"By the start of the twentieth century, Mexico and the United States were worlds apart in their economic and social well-being, although they shared a border nearly 2000 miles in length.  Torn by economic and political strife, Mexico struggled to survive as the government repeatedly changed hands from one dictator to another.  The numerous revolutions, the economic and social upheaval, coupled with the need for laborers in the United States, became powerful incentives for migrating north.  For many, the United States became a beacon of economic and/or social opportunity.  For others, it offered refuge from oppression and turmoil.  In many instances it was a means to gain both.

 

Like most immigrants from other countries, the majority of Mexicans who came to the United States were laborers.  They contributed by their productivity and as consumers and tax payers.  When they became financially stable many established businesses ranging from theaters to food markets and formed mutual aid societies and social clubs in their neighborhoods."

 

"As the prosperity of the 1920’s gave way to the economic deterioration of the 1930’s, the entire nation was greatly affected and most especially Mexican-Americans.  They were forced to compete with White-Americans for jobs not only in urban areas but in rural settings as well.  During the lowest point of the depression, they were unable to find work even in agriculture and factories due to falling prices and the large number of unemployed White-Americans seeking jobs.   

 

Franklin D. Roosevelt’s federal relief programs, although providing some assistance to Mexican-Americans, were overall less helpful to them than to the rest of the nation’s poor.  The reasons ranged from Mexican-American pride and reluctance to seek public assistance, to their inability to meet state residency regulations as a result of their migrant status.

 

Conditions during the depression fueled racial hatred to an all-time high.  Anti-Mexican feelings were prevalent and expressed blatantly throughout the Southwest(especially in Texas) by various means, including signs stating, “No Mexicans or Dogs Allowed.”  In reaction to the continuing economic crisis, the government became increasingly desperate, culminating in an action that equals, if not surpasses, the infamy of the Japanese-American relocation during World War II.  Between one-half to one million Mexicans and American citizens of Mexican descent were deported.  Approximately 60% were U.S. citizens.  The event took place with little regard for human rights and without due process.  In some instances government officials did not bother to differentiate between Mexican nationals and Mexican-American citizens.  In other instances, Mexican parents with American born children chose to take them rather than sever the family.  Herbert Hoover, who had previously enticed Mexicans to the United States, sat in the Oval Office during the early 1930’s and encouraged their removal."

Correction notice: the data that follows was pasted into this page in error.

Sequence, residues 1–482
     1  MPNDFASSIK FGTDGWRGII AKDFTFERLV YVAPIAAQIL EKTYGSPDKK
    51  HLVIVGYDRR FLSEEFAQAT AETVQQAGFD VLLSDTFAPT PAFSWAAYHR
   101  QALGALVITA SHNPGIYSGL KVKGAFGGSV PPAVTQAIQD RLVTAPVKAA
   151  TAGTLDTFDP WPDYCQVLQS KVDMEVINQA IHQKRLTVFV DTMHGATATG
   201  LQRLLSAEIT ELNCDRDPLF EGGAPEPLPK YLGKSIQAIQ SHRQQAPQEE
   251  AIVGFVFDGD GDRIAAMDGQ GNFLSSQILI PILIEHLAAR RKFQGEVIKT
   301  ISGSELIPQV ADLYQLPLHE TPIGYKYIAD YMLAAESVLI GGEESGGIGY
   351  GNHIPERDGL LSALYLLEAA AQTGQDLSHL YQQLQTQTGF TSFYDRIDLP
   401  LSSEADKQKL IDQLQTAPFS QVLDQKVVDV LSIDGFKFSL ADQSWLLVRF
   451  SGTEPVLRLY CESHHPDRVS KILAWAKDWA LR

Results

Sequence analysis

Immigration

Deportation

"Here I stand, poor in money, arrogant with pride,

bold with machismo, rich in courage

and wealthy in spirit and faith."

 

Rodolfo Gonzales

Diminishing Numbers In the 21st Century

 

According to the 2008 American Community Survey released by the U.S. Census Bureau, there are nearly 38 million foreign-born persons residing in the United States from various countries.  Although in absolute numbers this represents the highest figure ever, it amounts to only 12.5 percent of the population compared to nearly 15 percent between 1870 to 1920. The impact of immigration on the labor market during the early part of the twentieth century was much greater than it is at the present time.  In order for the labor market to be similarly impacted today, immigration would have to increase dramatically!           

Rather than increasing, however, the current number of immigrants to the United States from Mexico is diminishing noticeably according to a survey completed in 2009 by the Pew Hispanic Center. This finding is reinforced by U.S. Border Patrol data showing markedly reduced apprehensions of Mexicans trying to cross into the United States without proper documentation. Surveys conducted in Mexico also attest to recent substantial decreases in the number of their citizens coming to the U.S. In fact, survey data from both countries reveal a large flow of immigrants back to Mexico in recent years. Several factors have created that phenomena including the weakened U.S. economy, anti-immigration attitudes and the current laws being enacted that target immigrants without legal documentation.  

Migration From and To Mexico

Source: Mexican Nation Survey of Occupation and Employment, 2006-2009

Figures reported are from February to February

Pew Hispanic Center (www.pewhispanic.org)

Impact of Immigration

The American Southwest—

A colorful and culturally rich tapestry

woven with the various dialects, customs, cultures and architecture

of the people who have dwelt in it for thousands of years.

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